Managing Long Covid In The Workplace
Key Contact: Claire Knowles
Author: Adam McGlynn
Long-term illness is one of the more challenging HR issues to manage, especially when the employee’s illness may qualify as a disability under the Equality Act 2010. There is usually medical understanding of the illness and precedent cases that HR professionals can draw on when managing the situation, ‘Long Covid’, however, is different. Given the novelty of the condition, there are many unknowns for HR to navigate. Perhaps the largest unknown is whether Long Covid might amount to a disability.
Pending further clarity on the condition, the Equality and Human Rights Commission has recently suggested that organisations err on the side of caution and treat employees suffering from the illness as if they have a disability. Employers may however be reluctant to adopt this approach given the demands that this would place on them.
What is Long Covid?
The NHS defines Long Covid as “signs and symptoms that develop during or following an infection consistent with COVID-19 that continue for more than 12 weeks and are not explained by an alternative diagnosis.”. Symptoms can be wide-ranging but commonly include fatigue, problems with memory and concentration (“brain fog”), shortness of breath, dizziness, anxiety, and depression. The Office for National Statistics has estimated that more than 1 million people in Britain have suffered or are currently suffering from Long Covid.
Is Long Covid a disability?
Some conditions are automatically deemed a disability by law, such as, for example, blindness and cancer. Long Covid is not a listed ‘deemed’ disability and despite the TUC calling for legislative reform to make it one, so far there’s no suggestion that the Government will make any changes here. If Long Covid is to be regarded as a disability, it will therefore need to satisfy the general definition contained within the Equality Act 2010.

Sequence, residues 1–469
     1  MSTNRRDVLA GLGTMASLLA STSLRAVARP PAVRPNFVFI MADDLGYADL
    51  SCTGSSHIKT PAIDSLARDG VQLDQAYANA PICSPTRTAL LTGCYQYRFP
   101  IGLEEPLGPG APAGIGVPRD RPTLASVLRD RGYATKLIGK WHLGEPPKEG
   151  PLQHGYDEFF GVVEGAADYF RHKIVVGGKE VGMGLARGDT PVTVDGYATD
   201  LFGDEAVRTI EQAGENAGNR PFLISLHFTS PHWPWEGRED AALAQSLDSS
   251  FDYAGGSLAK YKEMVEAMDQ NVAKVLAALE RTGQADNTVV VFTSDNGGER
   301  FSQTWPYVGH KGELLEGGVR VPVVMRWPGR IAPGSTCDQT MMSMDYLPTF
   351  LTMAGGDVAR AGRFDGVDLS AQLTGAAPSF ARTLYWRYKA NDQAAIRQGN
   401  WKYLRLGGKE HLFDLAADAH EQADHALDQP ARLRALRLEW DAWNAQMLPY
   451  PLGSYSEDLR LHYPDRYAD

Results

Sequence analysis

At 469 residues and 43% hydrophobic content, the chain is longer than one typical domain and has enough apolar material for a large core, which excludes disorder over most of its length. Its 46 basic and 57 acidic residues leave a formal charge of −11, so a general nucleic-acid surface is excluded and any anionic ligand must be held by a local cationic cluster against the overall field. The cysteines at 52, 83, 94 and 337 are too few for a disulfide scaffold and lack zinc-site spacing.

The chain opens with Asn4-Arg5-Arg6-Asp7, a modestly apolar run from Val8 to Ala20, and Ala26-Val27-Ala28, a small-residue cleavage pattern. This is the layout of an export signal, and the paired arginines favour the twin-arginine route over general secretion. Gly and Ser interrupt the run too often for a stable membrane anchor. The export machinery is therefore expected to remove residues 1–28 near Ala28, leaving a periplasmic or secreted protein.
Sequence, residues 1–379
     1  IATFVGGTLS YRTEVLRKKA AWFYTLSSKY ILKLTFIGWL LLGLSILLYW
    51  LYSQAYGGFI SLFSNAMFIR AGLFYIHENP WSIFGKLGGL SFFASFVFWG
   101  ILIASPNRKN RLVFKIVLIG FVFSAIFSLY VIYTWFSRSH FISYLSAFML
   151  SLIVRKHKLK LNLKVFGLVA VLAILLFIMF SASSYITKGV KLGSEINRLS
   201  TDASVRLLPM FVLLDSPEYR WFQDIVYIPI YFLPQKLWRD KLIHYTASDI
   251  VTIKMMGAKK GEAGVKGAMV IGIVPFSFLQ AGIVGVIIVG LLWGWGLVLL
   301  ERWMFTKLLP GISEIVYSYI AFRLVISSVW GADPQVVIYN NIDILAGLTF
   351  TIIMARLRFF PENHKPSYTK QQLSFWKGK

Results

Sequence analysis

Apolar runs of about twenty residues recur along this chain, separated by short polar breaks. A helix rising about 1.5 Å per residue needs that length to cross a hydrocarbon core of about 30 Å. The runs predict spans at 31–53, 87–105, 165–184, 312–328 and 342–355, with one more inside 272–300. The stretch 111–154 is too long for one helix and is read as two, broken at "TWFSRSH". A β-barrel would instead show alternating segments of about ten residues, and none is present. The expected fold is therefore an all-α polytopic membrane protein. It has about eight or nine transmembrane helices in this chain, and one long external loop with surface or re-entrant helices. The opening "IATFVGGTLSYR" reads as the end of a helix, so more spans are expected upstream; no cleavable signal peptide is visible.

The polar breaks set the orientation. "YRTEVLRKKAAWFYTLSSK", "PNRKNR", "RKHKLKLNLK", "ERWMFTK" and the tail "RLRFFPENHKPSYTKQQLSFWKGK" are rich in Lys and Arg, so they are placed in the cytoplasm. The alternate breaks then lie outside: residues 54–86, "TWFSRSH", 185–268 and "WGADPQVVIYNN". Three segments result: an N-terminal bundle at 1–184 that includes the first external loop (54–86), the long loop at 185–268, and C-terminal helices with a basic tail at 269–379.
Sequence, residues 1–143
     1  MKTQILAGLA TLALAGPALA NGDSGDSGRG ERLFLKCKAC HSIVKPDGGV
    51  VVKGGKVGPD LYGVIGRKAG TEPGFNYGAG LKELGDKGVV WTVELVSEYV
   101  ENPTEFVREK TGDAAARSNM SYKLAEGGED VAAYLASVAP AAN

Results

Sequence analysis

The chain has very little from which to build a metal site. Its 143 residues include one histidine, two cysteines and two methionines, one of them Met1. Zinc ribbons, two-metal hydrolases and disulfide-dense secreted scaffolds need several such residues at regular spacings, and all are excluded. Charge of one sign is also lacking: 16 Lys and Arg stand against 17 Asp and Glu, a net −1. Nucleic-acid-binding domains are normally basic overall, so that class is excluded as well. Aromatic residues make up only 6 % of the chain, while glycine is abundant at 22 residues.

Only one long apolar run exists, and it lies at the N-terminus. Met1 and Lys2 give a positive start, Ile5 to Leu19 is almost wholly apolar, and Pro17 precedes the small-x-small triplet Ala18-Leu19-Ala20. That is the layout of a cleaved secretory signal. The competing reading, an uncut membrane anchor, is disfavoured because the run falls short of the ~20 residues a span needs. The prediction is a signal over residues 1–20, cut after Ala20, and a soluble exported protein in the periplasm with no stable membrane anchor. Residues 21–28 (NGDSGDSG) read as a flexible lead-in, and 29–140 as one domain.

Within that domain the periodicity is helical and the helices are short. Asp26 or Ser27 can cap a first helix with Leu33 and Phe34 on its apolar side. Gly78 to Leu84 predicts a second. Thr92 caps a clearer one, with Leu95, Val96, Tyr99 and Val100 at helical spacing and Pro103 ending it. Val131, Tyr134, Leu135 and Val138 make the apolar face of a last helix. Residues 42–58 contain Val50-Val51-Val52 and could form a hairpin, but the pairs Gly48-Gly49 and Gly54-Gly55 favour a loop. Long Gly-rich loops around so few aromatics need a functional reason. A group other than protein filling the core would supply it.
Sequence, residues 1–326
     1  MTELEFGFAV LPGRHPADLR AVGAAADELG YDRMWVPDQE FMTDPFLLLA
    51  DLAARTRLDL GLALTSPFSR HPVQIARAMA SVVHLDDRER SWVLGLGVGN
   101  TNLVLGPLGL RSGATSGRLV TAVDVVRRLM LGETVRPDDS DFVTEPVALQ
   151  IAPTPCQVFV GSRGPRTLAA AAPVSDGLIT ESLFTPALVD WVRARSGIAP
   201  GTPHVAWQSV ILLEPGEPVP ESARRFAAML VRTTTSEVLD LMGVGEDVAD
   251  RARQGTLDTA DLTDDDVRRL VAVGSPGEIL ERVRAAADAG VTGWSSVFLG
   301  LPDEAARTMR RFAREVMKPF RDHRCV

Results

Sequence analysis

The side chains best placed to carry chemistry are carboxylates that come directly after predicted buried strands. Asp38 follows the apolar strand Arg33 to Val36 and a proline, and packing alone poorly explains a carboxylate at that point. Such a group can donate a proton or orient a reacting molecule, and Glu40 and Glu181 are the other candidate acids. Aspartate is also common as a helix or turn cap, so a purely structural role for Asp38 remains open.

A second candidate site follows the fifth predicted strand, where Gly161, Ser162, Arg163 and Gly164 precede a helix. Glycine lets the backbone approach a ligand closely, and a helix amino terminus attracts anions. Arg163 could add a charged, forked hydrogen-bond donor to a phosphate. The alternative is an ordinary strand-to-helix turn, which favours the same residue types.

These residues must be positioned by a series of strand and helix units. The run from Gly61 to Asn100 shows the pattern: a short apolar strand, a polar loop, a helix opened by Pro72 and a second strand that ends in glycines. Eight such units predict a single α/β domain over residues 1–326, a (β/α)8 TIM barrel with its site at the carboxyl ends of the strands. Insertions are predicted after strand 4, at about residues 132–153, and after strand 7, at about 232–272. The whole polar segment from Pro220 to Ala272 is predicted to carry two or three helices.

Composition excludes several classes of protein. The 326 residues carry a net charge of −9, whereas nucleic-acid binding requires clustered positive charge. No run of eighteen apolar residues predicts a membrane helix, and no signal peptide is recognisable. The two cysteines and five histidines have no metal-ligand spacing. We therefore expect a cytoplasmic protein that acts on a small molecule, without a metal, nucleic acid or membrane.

The Equality Act defines a disability as “a physical or mental impairment” that has a “substantial and long-term adverse effect” on a person’s ability to “carry out normal day-to-day activities”. “Long-term” means that the condition has lasted, or is likely to last, at least 12 months. Some of the symptoms of long Covid, including “brain fog” and fatigue, can have a significant impact on someone’s life and there are reported cases of the condition lasting more than 12 months. It is therefore clear that Long Covid could amount to a disability, but whether it does in a given case will depend on how it affects the individual concerned and for how long. In other words, there will never be a uniform answer; Long Covid might amount to a disability for one sufferer but not for another.
The definition of disability includes “is likely to last at least 12 months”. This means that even if someone hasn’t been suffering from Long Covid for a year, they may be considered legally disabled if it is “likely” that the condition will last that long. This may be particularly difficult to determine in the early stages of experiencing Covid symptoms, however, may become more apparent overtime depending on the length of time that the symptoms persist, the changing nature of symptom severity, and the presence of extraneous variables.
What does this mean for managing employees suffering from Long Covid?
Failure to make reasonable adjustments will put employers at risk of disability discrimination claims, especially if the employee’s Long Covid has a substantial effect on their working life and persists for more than 12 months. More cautious employers may, therefore, want to act as if the employee has a qualifying disability, and offer reasonable adjustments accordingly. Adopting this as a blanket approach may create additional work for HR departments and so, other bodies suggest a more balanced approach. ACAS’, for example, suggests that employers should treat Long Covid as they would any other illness.
Overall, there is not a one size fits all approach as much will depend on the employee’s role, the symptoms they are experiencing, and their recovery rate over time. We would recommend that, businesses who have employees experiencing Long Covid seek legal advice if symptoms persist and/or affect daily working activities. Legal advice is particularly important if the performance of such individual’s deteriorates, and/or the business is considering initiating capability procedures.
If you require any assistance managing an employee who’s Long Covid, or other illness, is affecting their performance, please contact the Acuity Employment team.